As already noted, the backing pad – typically fixed to the equipment – is also critical. A pad that is inappropriate, or incompatible with the abrasive disc being used is likely to significantly increase vibration. Ribbed high-performance pads, checked for compatibility with the abrasive disc, will enhance reinforcement and also assist in delivering the required impact pressure, thereby reducing vibration. The aggressive cut and long life of this combination of fibre disc and high-performance backing pad means, in some instances, they can be used to replace depressed-centre grinding discs, which can wear unevenly and so place greater physical demands on the operator. Furthermore, their lack of flexibility means the vibration level is often much higher than the fibre disc and backing-pad system.

With any abrasive consumable, the type and aggressiveness of the mineral is key to reducing both process time and the force needed to be applied by the operator. Again, expert advice should be sought before a decision is made.
Grinding wheels are still widely found in many foundries, and usually create higher levels of vibration than either belts or tools. However, advances in belt technology mean that coated abrasive belts properly fitted to contact wheels can now perform most of the tasks previously undertaken using grinding wheels. They deliver a faster cut and more consistent finish, and so provide a more rapid, lower-vibration alternative.

Indeed, my company’s own research shows that grinding wheels with the same backstand can create more than twice the amount of vibration as a coated abrasive belt on a contact wheel, while changing either the backstand to a more rigid design, or the type of contact wheel used, can reduce vibration.

While the type of substrate cannot be changed, the quality of the casting process is key in determining how much work is required at the abrasive stage. In foundries, for example, good practice and optimised investment casting, or lost wax casting techniques, will help reduce the amount of work needed with an angle grinder to remove gates. Similarly, castings should be designed to minimise the number of joint lines, or to be suitable for direct machining. Inappropriate customer specifications should also be challenged to avoid unnecessary work.

Again, the nature of the application may require more or less pressure from the operator. Required operator effort will be minimised if correct decisions have been made in terms of tools, consumables and backing pads.

Finally, the operator should be trained in: the risks of HAVS and how to avoid them; the importance of correct operation and maintenance of equipment; arrangements for health surveillance; and their duty to cooperate.

Assess and address the risks

The 2005 Regulations require employers to focus on the elimination or control of vibration exposure, and the most effective means of achieving this is to seek new, or alternative work methods.

The risk assessment should involve establishing which processes and equipment create regular exposure to vibration; finding out if there are any warnings of vibration risks in equipment handbooks; and establishing whether employees have any symptoms of HAVS, and whether the equipment they are using produces high levels of vibration or uncomfortable strain on the hands or arms. The times for which employees’ hands are in contact with the equipment while it is vibrating – also known as ‘trigger times’ – should be noted.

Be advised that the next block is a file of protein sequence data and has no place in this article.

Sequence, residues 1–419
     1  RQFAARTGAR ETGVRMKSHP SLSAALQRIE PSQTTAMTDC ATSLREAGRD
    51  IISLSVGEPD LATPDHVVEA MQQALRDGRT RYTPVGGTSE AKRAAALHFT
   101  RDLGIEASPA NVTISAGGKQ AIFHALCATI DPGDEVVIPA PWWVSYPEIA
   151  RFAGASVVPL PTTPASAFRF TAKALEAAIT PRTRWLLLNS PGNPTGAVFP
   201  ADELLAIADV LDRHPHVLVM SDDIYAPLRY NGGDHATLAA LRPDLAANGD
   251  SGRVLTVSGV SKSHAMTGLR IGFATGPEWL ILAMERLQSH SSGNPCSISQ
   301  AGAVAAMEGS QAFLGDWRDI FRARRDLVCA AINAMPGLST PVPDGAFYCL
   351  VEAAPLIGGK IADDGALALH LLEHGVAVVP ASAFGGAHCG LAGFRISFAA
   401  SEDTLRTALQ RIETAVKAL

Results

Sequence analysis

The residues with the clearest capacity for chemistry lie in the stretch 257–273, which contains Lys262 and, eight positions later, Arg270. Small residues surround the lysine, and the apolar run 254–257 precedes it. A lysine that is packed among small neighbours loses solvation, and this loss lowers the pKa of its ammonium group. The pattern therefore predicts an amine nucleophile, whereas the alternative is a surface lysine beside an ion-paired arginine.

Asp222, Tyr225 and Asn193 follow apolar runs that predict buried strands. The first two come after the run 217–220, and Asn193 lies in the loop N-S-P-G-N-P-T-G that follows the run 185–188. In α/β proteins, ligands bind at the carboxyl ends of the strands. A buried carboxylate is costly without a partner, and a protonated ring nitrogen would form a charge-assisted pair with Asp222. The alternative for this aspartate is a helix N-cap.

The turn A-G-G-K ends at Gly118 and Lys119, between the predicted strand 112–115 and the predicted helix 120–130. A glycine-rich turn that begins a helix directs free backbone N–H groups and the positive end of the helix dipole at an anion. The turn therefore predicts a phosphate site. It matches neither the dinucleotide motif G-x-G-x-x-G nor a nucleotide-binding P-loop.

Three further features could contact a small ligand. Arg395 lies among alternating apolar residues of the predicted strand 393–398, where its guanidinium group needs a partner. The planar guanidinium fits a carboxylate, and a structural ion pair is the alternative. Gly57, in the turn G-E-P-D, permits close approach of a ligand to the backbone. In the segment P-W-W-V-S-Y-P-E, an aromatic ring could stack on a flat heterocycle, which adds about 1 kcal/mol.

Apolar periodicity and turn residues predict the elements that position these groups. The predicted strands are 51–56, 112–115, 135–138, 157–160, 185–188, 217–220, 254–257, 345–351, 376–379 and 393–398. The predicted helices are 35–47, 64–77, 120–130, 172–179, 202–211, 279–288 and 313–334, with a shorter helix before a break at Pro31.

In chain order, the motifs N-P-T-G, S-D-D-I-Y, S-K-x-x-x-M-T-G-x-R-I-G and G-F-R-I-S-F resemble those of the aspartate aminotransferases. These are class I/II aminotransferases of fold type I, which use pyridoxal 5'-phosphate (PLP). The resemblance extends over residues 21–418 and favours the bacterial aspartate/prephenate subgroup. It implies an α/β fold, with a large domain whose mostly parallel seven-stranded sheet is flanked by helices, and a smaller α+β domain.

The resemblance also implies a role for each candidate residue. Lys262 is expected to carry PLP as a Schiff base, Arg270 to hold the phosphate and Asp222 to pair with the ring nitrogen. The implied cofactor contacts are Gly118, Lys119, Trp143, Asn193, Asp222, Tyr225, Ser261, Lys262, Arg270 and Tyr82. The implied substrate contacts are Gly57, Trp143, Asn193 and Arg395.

Activities should then be grouped into high, medium or low risk – high being above 5.0m/s2; medium being above 2.5m/s2; and low being below 2.5m/s2. Existing vibration data can be used to confirm the group to which each process should be assigned. However, a better method is to use a vibration meter that uses an accelerometer placed where the operator holds the tool or part to measure the vibration in all three axes, which the meter then converts to the three-axis sum vibration value. This gives an accurate snapshot in time of the vibration level to which the operator is exposed for this particular application.

Once the vibration-level and trigger-time data have been acquired and collated, they can be entered into a vibration-exposure calculator to determine each employee’s daily exposure. Employees who work on different processes will need to have trigger times estimated for each process they are working on to calculate their total vibration exposure.

A free exposure calculator is available on the HSE website,1 which requires the input of vibration magnitude and exposure duration. It automatically calculates the partial exposure and total exposure, as well as the number of exposure points per hour, the time that will be taken to reach the exposure action value, and the time taken to reach the exposure limit value.

This will assist with the planning of work, as well as highlighting processes and equipment that are high in vibration and which therefore need to be addressed to reduce the risk to operators.

Any control actions put in place as a result of this will need to be checked on an ongoing basis to ensure they are effective. It also goes without saying that a proper health surveillance scheme should be established; this will help employees recognise if and when symptoms of HAVS start to develop, and will also highlight how well measures that have been put in place to control hand-arm vibration are working.

Reference
1    www.hse.gov.uk/vibration/hav/

Nigel Willcock is part of the abrasive systems division at 3M.